Britain's Roman Circus

In the middle of the second century Roman Britain was enjoying a period of stability and prosperity. Hadrian's wall had been built to the north, in the towns trade and industry was thriving, and in the country the golden age of the Roman villa was beginning. If you happened to be in Britain's earliest military town at the time then the hottest ticket in town was to the chariot races.

The discovery of a Circus (a Roman chariot-racing track) in the town of Colchester in 2004 was a hugely important find within the cultural context of Britain. The discovery of this structure emphasises as never before how the Romans didn't just rule the land by military might, but they branded it with their customs and games, and converted our masses into the adrenaline loving chariot-racing fanatics on the continent. There are at least fifty Circuses in mainland Europe but until recently none were thought to have existed in England.

Chariot races were big business and the core of everyday Roman life. The common rabble were adicted to the circuses and the gladiatorial fights. Men and even aristocrats would go along to the races to meet women, and they themselves would be enraptured by the risk-taking charioteers who were very glamorous and desirable athletic figures.

In Rome, the Circus Maximum was the place to go for chariot races. It had a capacity of 250,000, which is more than double the largest English football stadium of the present day, and if full, would entertain a quarter of the city's entire population. On big celebration days as many as 20 races would be held, featuring two and four horse teams.

Races consisted of seven laps which were counted by the mechanical bronze dolphins in the central. The chariots would reach speeds of 30 miles per hour and were bloody and dangerous affairs in which death and disaster were expected.

So to find one of these monumental centres of entertainment and business in Colchester is significant as it embodied every facet of the Roman ethos, by requiring their surveying skills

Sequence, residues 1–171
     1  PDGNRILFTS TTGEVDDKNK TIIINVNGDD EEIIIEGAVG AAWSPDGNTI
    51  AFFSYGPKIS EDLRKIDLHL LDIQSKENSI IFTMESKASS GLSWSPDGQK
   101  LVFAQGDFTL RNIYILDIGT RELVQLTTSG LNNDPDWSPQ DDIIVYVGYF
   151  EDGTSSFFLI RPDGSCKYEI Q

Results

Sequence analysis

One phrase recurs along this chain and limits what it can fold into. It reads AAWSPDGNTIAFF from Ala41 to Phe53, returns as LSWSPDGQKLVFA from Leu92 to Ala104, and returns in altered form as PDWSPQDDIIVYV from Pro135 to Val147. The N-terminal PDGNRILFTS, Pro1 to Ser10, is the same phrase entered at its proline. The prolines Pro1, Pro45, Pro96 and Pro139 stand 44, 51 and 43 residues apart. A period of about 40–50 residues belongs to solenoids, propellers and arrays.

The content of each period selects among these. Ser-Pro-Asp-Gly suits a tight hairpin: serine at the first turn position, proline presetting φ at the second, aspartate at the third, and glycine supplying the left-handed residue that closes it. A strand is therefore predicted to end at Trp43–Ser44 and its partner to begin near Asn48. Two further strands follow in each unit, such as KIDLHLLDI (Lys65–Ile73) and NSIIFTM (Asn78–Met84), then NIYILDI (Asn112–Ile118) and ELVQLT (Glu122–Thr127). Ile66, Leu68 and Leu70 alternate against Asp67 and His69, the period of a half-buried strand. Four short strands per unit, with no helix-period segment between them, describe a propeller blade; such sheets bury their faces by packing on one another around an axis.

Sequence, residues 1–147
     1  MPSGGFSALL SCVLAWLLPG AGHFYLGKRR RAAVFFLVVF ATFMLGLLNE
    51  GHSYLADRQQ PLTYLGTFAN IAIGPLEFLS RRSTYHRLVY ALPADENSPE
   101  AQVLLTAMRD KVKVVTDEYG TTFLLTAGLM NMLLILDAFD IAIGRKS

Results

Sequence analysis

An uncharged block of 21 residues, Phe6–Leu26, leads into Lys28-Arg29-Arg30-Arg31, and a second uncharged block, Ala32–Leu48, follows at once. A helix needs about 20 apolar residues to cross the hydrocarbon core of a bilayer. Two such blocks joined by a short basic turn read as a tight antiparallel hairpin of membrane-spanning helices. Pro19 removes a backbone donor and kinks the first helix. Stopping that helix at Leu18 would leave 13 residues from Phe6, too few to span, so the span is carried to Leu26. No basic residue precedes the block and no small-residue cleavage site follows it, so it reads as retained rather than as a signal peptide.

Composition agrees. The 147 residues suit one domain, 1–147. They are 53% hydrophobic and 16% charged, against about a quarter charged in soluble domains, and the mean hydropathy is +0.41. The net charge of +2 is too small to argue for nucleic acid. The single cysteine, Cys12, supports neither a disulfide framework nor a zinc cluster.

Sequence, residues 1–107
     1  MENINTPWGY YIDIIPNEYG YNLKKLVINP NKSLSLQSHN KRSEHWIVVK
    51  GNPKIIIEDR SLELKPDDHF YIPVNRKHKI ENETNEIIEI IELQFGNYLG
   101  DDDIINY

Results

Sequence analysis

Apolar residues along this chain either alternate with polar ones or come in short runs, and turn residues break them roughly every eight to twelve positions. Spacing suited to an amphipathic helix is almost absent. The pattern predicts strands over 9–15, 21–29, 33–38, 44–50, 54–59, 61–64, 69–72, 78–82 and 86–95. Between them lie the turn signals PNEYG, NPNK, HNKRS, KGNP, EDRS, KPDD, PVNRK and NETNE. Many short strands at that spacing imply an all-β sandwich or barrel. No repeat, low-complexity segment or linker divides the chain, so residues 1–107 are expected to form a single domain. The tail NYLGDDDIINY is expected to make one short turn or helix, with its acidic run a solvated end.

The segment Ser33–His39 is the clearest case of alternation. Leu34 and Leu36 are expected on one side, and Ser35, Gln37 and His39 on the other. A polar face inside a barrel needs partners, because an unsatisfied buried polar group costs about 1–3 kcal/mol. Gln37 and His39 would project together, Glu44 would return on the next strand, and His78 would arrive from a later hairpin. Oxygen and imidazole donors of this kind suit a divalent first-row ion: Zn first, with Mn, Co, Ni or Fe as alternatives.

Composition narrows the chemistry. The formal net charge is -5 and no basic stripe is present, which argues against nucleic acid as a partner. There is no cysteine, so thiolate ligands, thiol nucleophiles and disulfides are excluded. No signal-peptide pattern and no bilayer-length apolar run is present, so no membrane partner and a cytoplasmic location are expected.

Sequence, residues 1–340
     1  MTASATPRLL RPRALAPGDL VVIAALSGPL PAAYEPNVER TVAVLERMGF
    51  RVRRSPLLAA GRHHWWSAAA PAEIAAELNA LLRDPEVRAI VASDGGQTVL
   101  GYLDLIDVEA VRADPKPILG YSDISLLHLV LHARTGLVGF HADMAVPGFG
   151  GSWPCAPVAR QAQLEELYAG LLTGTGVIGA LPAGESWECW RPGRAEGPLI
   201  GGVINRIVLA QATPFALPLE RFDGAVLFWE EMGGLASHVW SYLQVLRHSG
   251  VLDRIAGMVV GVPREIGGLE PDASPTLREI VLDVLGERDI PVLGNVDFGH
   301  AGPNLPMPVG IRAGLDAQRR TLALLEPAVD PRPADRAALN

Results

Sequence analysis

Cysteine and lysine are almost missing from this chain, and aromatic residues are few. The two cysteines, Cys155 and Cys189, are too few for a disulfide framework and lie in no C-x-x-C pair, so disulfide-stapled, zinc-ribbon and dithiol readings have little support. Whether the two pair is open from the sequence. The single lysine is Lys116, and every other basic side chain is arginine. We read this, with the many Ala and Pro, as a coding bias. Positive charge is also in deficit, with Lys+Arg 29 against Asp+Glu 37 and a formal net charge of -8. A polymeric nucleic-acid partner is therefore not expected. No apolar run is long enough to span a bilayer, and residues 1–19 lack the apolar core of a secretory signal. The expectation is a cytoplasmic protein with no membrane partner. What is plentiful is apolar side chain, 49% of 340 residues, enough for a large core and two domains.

, the architectural knowhow, athletic prowess, and it incorporated their religious rituals too. The circus at Colchester would have held a modest 8,000 but that it was built at all is a testament to Roman influence.

Claudius chose Colchester as the site of first Roman garrison town and it acted as a base to dispatch legions to conquer the rest of Britain. In 50 AD, seven years after his visit, it became a colonia where retired soldiers settled. Colchester was the premier Roman town and it was designed to be a display of the Roman "brand". It was an advertisement of Roman civilaztion, being modelled on Rome and featuring all the important public buildings.

However in 61 AD Boudica burnt the place to the ground as part of the native rebellion against the occupation, and the Roman capital was moved to London in the fifteen years it too the town to recover. However Colchester was rebuilt as the centre of the Cult of Claudius. Because Tacitus never mentioned a circus in his notes about the town from the 1st century AD this suggests that the building of the circus came after, perhaps as part of the Cult's worship.

The circus at Colchester is connected with a graveyard which has associations with the sport, as some graves have horse jaws and one burried coin of Germanicus has a chariot design.

Before the arrival of the Romans, chariots already played an important role. They were the choice modes of transport in battle and thousands of opposing warriors in tribes like Boudica's would ride into battle against each other.

Camulodunum as it was originally called was well defended against chariot attacks. Dykes were built up in the landscape to guard against tribal incursions by chariot and they were organised to make a wheeled assault difficult. The ruling Catuvellauni aristocracy of the area was powerful and the impressive defensive dyke system is a testment that.

When the Romans built their town near to the native iron age settlement, they sited it closer to the river for practical reasons, because the raw materials would have come in by ship. The circus was built outside the Roman town, on high ground perhaps partly as an outreach towards the native settlement. The Catuvellauni would have interacted the Roman town and who is to say that the native Britons didn't come to the games and been drawn to the impressive and glamorous Roman culture nearby?

GMR Based on Time Team